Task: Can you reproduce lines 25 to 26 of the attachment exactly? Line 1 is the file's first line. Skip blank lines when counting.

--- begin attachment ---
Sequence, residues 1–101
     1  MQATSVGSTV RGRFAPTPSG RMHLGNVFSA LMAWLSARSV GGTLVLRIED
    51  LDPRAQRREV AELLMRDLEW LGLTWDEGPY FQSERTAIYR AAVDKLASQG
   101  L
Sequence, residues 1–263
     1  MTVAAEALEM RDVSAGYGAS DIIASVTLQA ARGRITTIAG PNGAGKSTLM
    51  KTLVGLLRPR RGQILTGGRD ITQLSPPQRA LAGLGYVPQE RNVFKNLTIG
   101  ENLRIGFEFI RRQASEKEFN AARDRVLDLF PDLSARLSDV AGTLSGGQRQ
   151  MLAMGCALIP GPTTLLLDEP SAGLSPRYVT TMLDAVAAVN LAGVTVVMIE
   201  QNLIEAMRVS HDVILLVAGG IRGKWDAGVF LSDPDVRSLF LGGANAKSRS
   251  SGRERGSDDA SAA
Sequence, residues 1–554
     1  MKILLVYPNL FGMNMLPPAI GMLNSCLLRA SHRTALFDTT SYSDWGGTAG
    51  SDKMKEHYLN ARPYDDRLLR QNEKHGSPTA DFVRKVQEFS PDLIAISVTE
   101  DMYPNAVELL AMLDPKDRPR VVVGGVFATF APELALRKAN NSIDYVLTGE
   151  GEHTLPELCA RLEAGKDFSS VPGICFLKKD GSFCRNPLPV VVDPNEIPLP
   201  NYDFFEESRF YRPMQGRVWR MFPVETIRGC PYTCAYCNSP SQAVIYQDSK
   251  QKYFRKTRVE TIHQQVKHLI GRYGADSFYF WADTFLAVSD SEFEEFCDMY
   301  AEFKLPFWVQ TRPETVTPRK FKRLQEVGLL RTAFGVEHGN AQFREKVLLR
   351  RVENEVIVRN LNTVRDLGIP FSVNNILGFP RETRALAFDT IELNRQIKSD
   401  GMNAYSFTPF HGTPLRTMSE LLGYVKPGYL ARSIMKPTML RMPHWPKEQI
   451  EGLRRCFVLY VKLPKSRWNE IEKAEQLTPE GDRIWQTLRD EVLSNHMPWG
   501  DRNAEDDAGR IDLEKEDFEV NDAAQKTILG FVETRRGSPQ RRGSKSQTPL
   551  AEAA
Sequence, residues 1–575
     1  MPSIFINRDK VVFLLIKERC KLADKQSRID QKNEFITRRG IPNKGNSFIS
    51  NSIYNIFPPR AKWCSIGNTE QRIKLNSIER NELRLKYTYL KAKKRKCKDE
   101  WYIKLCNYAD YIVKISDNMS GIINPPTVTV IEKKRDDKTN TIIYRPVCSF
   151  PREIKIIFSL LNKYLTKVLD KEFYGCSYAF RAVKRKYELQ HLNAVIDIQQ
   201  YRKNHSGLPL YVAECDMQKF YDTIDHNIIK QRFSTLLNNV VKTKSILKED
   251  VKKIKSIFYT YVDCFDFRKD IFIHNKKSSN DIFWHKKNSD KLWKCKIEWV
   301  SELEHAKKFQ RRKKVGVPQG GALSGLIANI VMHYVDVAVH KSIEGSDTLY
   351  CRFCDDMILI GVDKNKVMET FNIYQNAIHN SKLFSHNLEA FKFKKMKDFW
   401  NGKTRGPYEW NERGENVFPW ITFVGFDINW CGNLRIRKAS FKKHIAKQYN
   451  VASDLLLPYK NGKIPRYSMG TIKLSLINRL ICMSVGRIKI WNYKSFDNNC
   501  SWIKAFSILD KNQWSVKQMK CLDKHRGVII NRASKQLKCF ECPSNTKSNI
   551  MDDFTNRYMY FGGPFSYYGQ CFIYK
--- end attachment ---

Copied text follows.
Sequence, residues 1–575
     1  MPSIFINRDK VVFLLIKERC KLADKQSRID QKNEFITRRG IPNKGNSFIS